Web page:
Every time the phrase “Gentile” is used in the Old or New Testaments, it is referring to someone who was not monotheistic, but someone who worshiped false gods. It is meant to describe someone who bowed down in pagan temples, who sacrificed in the name of idols. Every single time the word is used, it is meant to tell you something specific about the religious practices of that person. A Gentile is a pagan. Only the Jews, and later the Christians, were monotheistic in the biblical narratives; every body else was a pagan idol worshiper.
Our American, 21st century understanding of the term “Gentile” is neutered of its biblical meaning. Today we hear it simply as a non-Jewish person and that’s about it. We do not attach any additional meaning to the term. We see the Apostle Paul as sent by God to bring the Gospel to the Gentiles and in our minds those Gentiles were basically non-Jewish unbelievers living in the Ancient Near East.
But they were much more than that. They were worshipers of others gods, other idols. They worshiped Greek gods, Roman gods, mythical gods, ancient Egyptian gods. They worshiped Roman Emperors as gods in human flesh. They worshiped statues crafted by human hands, images standing in great temples. They were pagans through and through.
In summary a Gentile in the Bible is a pagan and a pagan in the Bible is a Gentile. This basic truth has peeled back a layer of blindness from my eyes and uncovered how my postmodern mind has inserted atheism and agnosticism into the world of the Bible. But those worldviews are simply not there. Either you worshiped the one true God or you worshiped pagan gods. There was no other option – Jew or Gentile.
This truth may be obvious to everyone else, but it was a breakthrough for me.
March 15, 2014 Leave a comment
Over the past days, I made my second pilgrimage to the Holy Lands of Israel and Jordan. I entered the state of Israel for the first time back in 2010 and the Hashemite Kingdom of Jordan in 2011. Both earlier trips were huge in shaping my passionate love for Jesus, the Holy Bible and the lands in which God’s presence has dwelled throughout both the Old and New Testament.
Another trip to Turkey and Greece in 2012 set this flame ablaze again as we journeyed through the Book of Acts, into Paul’s letters and to all 7 Churches of the Revelation. I snapped more pictures on those trips than I could ever look at.
For all three of these journeys I have been primarily a tourist. There is nothing wrong with being a tourist. A tourist takes a lot of pictures. A tourist needs to see the ancient sites with their own human eyes to supply their imagination with visual images and landscapes.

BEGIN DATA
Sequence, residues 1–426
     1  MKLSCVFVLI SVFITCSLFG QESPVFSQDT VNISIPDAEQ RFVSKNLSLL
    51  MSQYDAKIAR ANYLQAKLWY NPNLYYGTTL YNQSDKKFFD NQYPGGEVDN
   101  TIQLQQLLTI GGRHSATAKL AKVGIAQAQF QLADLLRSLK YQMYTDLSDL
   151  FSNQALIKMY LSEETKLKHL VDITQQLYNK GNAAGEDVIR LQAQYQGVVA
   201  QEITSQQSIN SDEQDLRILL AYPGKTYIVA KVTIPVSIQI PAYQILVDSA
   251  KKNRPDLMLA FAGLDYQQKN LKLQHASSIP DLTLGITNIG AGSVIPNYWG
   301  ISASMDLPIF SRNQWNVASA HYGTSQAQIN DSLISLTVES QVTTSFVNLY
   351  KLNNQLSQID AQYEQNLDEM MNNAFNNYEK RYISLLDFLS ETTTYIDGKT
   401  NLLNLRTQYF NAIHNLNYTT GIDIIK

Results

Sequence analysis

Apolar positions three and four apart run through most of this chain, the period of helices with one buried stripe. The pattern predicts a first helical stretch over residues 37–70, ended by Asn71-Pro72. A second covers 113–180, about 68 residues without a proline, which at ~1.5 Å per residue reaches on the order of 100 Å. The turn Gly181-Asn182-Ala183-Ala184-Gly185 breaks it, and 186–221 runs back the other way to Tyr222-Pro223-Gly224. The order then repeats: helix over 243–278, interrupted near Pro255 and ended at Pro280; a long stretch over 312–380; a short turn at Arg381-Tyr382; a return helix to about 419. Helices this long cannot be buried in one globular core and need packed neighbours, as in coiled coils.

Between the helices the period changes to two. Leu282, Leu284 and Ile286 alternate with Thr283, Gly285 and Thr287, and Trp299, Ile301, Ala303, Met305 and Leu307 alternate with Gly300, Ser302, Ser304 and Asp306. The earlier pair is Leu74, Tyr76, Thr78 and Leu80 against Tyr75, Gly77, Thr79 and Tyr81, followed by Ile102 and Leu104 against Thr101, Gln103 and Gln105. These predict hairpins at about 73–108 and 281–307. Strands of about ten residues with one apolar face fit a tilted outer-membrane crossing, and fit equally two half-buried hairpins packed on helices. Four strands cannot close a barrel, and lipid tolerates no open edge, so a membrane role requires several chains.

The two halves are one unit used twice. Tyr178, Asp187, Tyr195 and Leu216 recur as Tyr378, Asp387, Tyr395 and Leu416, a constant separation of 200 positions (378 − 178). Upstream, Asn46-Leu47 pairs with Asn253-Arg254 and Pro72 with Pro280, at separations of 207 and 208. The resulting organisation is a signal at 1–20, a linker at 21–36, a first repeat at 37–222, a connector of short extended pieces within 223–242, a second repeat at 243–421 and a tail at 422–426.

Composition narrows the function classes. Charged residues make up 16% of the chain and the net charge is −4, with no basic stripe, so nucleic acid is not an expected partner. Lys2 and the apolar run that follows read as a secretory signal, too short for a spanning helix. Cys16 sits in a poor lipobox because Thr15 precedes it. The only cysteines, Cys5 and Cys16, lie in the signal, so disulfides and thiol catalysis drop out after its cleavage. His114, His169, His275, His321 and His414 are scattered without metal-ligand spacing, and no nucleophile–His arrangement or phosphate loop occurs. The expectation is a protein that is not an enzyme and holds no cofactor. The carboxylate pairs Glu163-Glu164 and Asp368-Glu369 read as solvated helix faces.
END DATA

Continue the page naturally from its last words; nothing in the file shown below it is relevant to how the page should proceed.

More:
A tourist on these kind of trips is like a baby getting to eat ice cream for the first time – they are not sure what it is, but it is sweet and cold and wonderfully good and they can’t seem to eat it fast enough. A tourist arrives at one site and is so excited about what they see, they anxiously rush to the next, and to the next, and to the next to keep getting their fix. I love being a tourist; there is nothing quite like it.
For this trip, however, I was no longer a tourist. I became a pilgrim. A pilgrim moves slower. A pilgrim is calmer. A pilgrim takes pleasure in seeing the giddiness of the tourist, but doesn’t have to feast at the buffet line of experience. A pilgrim selects 2 or 3 things and relishes in their goodness, their completeness, at a deeper level.
The pilgrim’s journal is filled to the brim but their camera SD card…not so much.
This time I was a more of a pilgrim and less of a tourist. And I liked that fact very much. I moved at a different speed. I sat down at the sites. The texture of the trip for me wasn’t like an over-excited, crazy-wild Jack Russell Terrier, it was more like a solemn owl nestled atop of branch overlooking the beautiful forest.
What is a Pilgrim?
P – Pauses often to breathe and truly see.
I – Is in the moment, not the traffic.
L – Lingers in silence.
G – Grateful for pictures that others take because the camera sometimes doesn’t come out.
R – Reads, writes and reflects a lot.
I – Itinerary is not even on the radar.
M – Measures the experience not in days, stops, sites, or miles traveled, but in meaningful encounters with God, with His Word, and with others.
There was a simplicity to the study and depth of the trip. My eyes were filled but more so my heart. I love being a tourist, but being a pilgrim in the Holy Land is far more gratifying. I hope I can continue growing as a pilgrim.